Science vs Religion

In January I started back to school.  I already have a Bachelor’s degree but it is in Sociology and not a science so I have a lot of prerequisites I need to do before I can apply to the School of Nursing.  
I am taking both Biology and Chemistry right now and what I cannot understand is how do scientists combine their belief in a creator with what they know scientifically to be true?  

My chemistry professor has a Master’s in Biochemistry yet from what I have gathered from his Twitter account he is very much a Christian.  I think he might even be Mormon from some of his tweets.  I don’t want to ask him about it because even though my grades are not subjective I don’t want my lack of belief to effect his grading but also it might be slightly inappropriate.

Then my biology professor has a PhD in Marine Biology.  He has to believe in evolution or how else could you really teach it to a 132 people a semester? I only know he is a Christian because I am sure that is not a T he is wearing on his neck everyday. 

How do you believe in evolution and the story of Adam and Eve at the same time?  How can you even be part of a culture that has people actively calling your kind (scientists) fakes and in cahoots with Satan to fool the public in not believing in god?

Like I really do not get it.  

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11 thoughts on “Science vs Religion

  1. Personally, I have never been able to reconcile the two as an atheist. Although, I have told Christians there isn’t any reason they can’t, even I am not able to myself. It’s all about what they are personally willing to believe. As long as it works for them, I have no qualms with it, but if they start insisting science is a bunch of bull and we should believe as they do, then I take issue with it.

  2. The question you ask is great. It’s an important one too.

    It’s important to remember that not every Christian believes that the Bible is 100% factual. A person could treat the first few chapters of the Bible as fable and still believe in God, and specifically that Jesus is the Son of God. It’s called theistic evolution. Then you have the literal interpretation of Genesis 1 in which God created the Universe in 6 days and it’s only 6000 or so years old (but looks older). And then you have the belief that the 6 days is a reference to time and that humans were created by God by His own hands some unknown years ago.

  3. I’ve never understood how some could teach that either.

    I had a teacher in high school who was clearly a Christian and she would teach both creationism and evolution, but both as theories.

    Something I think is neat or interesting is “creation moments” I here them on talk radio sometimes but there is a website with all things “creation moments”. It’s showing how God is involved in biology.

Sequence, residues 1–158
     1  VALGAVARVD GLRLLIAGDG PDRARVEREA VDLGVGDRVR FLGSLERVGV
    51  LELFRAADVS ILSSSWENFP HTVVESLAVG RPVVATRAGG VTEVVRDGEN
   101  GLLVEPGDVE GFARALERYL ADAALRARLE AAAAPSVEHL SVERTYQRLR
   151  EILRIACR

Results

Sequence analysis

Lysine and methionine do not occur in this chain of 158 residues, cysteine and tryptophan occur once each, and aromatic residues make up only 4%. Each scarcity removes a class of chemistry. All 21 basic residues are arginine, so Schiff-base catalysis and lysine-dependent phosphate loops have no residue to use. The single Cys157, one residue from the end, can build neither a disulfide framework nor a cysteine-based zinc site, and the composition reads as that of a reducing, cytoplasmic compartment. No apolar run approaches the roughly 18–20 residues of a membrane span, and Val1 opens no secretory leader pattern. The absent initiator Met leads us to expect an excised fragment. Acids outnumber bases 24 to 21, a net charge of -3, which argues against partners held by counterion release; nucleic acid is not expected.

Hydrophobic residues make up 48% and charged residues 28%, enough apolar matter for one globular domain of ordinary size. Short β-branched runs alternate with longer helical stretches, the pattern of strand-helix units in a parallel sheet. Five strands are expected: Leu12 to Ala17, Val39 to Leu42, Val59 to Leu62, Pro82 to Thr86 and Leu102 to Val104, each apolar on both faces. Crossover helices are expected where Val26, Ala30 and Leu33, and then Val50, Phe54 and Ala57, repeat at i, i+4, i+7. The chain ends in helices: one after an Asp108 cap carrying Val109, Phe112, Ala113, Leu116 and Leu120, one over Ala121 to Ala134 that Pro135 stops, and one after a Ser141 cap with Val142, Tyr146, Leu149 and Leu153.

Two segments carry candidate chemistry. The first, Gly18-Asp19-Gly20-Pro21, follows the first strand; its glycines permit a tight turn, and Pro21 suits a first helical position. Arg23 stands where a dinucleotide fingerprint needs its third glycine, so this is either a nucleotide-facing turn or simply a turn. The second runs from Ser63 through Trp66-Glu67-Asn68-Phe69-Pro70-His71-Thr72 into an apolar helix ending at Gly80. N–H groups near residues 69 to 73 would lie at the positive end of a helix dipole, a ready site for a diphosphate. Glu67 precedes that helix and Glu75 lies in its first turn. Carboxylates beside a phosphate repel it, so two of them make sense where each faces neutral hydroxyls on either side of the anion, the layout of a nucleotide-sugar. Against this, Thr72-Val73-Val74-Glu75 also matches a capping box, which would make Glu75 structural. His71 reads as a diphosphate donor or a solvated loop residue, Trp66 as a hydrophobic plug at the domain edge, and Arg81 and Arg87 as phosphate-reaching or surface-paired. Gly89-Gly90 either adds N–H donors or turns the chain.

http://www.creationmoments.com/

  4. If you look at Gen. 1, there is much room for differing interpretations. For instance, it’s an example of Hebrew poetry with its repetition and parallelism. I do not think it was ever meant to be a literal/historic account. Good questions. You should ask your profs. I’m sure theyd be delighted to answer regardless of your position on faith.

  5. I believe in evolution. For me the bible is more a book of fables. Like aesops fables. To give us stories of the old times, and moral guidance. Obviously times change, society changes, and we find out more and more about how our universe came to be.
    I’m not a mainstream Christian so to speak. I believe God created the spark of life to get the universe started and evolution took over from there. Am I wrong? Maybe. But as much as I am a scientific and critical thinker, there have been times in my life where I felt God’s presence and knew deep in my heart there was some sort of higher power at work.
    Now you could call it a simple chemical reaction in my brain that made me feel this way, but that’s where faith comes in I guess.
    😉

  6. I am a christian and I have a degree in Archeaology and had to reconcile both. This is my belief-God is the creator of all things including our concepts of space and time as such he is not bound by them. Therefore one day in the life of God could be a millennia in our time. The evolutionary process that we see in science is God’s the evidence of God’s creation.

    I encourage you to ask your professors about it. They have had to reconcile it themselves. Coming from a field that is highly populated with people who do not believe, they are probably quite accoustomed to discussing it.

  7. Interesting site. Plan to read some of it.
    Dy-Anne, concerning scientists being able to find science compatible with the Bible, there are numerous examples of this in “The Case for the Creator,” which I mentioned earlier. And many of those scientists are very well known. I, personally, found it very enlightening.

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